Texas Longhorns football has had a Twitter problem these last few days.
At halftime of Saturday's 50-7 loss to the TCU Horned Frogs, Texas freshman cornerback Kris Boyd apparently retweeted someone who talked about Boyd and freshman linebacker Malik Jefferson transferring to the rival Texas A&M Aggies.
Boyd later apologized for the incident in a statement released by Texas.
Then, on Monday afternoon, junior safety Dylan Haines voiced his frustrations with the Longhorns' 1-4 start, going so far as to call out some of the younger players on the roster during media availability.
Of course, as shown above, media members tweeted out Haines' quotes. Some of those younger Texas players saw what the junior said on Twitter and fired back.
True freshman defensive end Charles Omenihu publicly responded to Haines on Twitter. While he quickly deleted his tweets, screenshots made sure they didn't go away permanently.
Wide receiver DeAndre McNeal, another true freshman, then offered a much longer opinion on Haines' comments, saying "we haven't won anything to have people calling out others."
Frustrations are clearly running high in Texas after losing back-to-back heartbreakers and then a blowout against a Big 12 rival. Now they're starting to boil over.
According to Jeff Howe of Horns247, Haines said there wasn't a "strong, written divide" between the upperclassmen and the underclassmen on the team.
"But there's definitely... everyone's not on the same page," Haines said, per Howe. "That's why we're playing the way we're playing and that's why the season is going the way it's going."
Not being on the same page is definitely an understatement, especially when some of the freshman class Haines called out reacted the way they did.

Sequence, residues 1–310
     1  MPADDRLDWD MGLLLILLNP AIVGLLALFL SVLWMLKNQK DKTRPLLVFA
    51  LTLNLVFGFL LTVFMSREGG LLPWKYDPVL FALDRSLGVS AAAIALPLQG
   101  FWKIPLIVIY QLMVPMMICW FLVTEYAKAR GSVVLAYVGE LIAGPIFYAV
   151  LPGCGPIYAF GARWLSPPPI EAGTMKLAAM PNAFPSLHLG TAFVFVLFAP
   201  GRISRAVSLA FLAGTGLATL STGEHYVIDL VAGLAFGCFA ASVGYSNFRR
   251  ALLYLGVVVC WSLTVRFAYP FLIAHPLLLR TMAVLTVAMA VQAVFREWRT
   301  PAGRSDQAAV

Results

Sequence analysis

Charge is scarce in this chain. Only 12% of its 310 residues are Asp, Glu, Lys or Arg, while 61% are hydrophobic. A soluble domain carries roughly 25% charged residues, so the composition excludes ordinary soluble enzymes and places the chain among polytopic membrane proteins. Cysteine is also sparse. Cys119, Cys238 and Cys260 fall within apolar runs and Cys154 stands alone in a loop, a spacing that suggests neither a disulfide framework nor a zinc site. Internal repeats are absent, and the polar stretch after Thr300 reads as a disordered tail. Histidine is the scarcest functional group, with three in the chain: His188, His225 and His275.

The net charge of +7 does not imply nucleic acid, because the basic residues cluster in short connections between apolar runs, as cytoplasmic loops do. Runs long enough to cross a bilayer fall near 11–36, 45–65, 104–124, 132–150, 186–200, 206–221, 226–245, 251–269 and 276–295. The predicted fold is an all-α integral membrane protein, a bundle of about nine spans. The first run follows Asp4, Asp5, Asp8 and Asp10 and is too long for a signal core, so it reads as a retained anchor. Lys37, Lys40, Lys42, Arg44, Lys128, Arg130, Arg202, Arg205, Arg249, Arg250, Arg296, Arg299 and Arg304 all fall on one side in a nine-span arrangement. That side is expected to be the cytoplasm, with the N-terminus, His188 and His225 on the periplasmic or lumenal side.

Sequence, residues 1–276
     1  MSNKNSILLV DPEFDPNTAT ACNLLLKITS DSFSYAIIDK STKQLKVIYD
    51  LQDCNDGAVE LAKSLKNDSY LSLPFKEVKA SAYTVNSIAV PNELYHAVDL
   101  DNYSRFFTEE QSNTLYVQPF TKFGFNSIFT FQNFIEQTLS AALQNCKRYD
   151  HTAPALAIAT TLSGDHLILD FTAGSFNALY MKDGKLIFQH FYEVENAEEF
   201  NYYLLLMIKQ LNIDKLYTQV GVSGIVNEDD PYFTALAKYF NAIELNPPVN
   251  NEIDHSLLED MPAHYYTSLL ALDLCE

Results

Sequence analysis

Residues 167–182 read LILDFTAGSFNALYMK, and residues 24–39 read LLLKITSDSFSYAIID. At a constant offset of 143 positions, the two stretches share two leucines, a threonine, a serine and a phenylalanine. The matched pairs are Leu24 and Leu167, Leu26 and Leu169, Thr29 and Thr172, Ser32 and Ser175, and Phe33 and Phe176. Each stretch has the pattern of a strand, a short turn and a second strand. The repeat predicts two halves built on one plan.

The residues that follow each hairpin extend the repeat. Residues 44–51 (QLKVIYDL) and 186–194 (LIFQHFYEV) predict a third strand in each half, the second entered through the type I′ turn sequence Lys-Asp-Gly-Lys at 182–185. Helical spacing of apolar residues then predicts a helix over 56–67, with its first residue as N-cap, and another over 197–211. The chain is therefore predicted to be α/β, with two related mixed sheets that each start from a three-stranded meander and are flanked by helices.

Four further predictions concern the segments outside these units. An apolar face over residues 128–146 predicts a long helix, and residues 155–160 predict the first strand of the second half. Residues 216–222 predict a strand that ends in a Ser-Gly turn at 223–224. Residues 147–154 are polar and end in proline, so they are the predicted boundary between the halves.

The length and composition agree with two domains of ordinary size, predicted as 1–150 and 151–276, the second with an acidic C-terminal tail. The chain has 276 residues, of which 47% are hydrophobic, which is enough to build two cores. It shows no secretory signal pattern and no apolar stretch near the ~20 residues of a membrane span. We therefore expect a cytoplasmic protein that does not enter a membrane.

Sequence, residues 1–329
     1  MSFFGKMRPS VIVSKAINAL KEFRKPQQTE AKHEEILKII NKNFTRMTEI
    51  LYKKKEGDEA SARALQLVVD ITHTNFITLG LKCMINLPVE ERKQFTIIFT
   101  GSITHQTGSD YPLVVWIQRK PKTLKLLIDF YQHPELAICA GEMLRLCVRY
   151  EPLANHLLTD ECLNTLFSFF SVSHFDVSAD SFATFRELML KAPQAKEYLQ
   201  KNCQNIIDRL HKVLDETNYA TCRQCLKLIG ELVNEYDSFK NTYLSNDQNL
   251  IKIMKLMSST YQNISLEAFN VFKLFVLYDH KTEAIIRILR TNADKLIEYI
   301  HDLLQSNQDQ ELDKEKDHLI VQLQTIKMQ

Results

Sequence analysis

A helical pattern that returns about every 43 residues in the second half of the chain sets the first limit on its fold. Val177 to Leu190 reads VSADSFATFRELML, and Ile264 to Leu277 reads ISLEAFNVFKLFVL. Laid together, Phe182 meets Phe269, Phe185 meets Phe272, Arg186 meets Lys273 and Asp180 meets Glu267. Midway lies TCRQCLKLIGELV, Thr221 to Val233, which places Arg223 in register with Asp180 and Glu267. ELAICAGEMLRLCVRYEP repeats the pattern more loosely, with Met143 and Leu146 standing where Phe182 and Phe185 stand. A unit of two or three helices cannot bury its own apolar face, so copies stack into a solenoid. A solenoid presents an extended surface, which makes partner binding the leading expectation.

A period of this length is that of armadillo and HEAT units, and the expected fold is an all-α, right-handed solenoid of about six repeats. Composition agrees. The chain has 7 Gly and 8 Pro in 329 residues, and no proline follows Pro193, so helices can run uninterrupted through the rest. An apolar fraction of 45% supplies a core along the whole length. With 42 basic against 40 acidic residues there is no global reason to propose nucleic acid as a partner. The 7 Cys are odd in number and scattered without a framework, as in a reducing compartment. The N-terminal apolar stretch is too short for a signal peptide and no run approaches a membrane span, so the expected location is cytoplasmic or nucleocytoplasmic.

No matter what Haines said, there is definitely a rift between the veterans and the young players on the team.
If the Longhorns are being public about it in front of the media and on Twitter, there's no telling what the problems may be in the locker room and out on the practice field.
Now that it appears that Strong isn't necessarily fighting for his job security this season—according to a Monday report from Joe Schad of ESPN.com—he still has to salvage what's left of a fracturing roster.
Before Texas players spoke with the media Monday afternoon, Strong had his turn at the podium, vowing that his team wouldn't fall apart.
A little while later, his own players showed signs of falling out with each other.
Strong certainly won't shy away from discipline, as evidenced by "the purge" of players from the program prior to the 2014 season.
Now he has to put his foot down again with this team.
Whether publicly or internally, Strong needs something big to bring his team together—from the seniors who told him they needed to make a bowl this season down to the freshman whose development will ultimately keep his job secure in Austin.
While Strong might not have to go full Remember the Titans on his players, something has to be done to restore some unity back to a team that is clearly frustrated.
Strong's next move needs to make a statement and put an end to the extra drama that surrounds a high-profile team that is always under the microscope. He can't afford any more damage to the support of his upperclassmen or the potential of his underclassmen.
If not, Texas will continue to move nowhere but backward in Strong's second season.
Justin Ferguson is a college football writer at Bleacher Report. You can follow him on Twitter @JFergusonBR.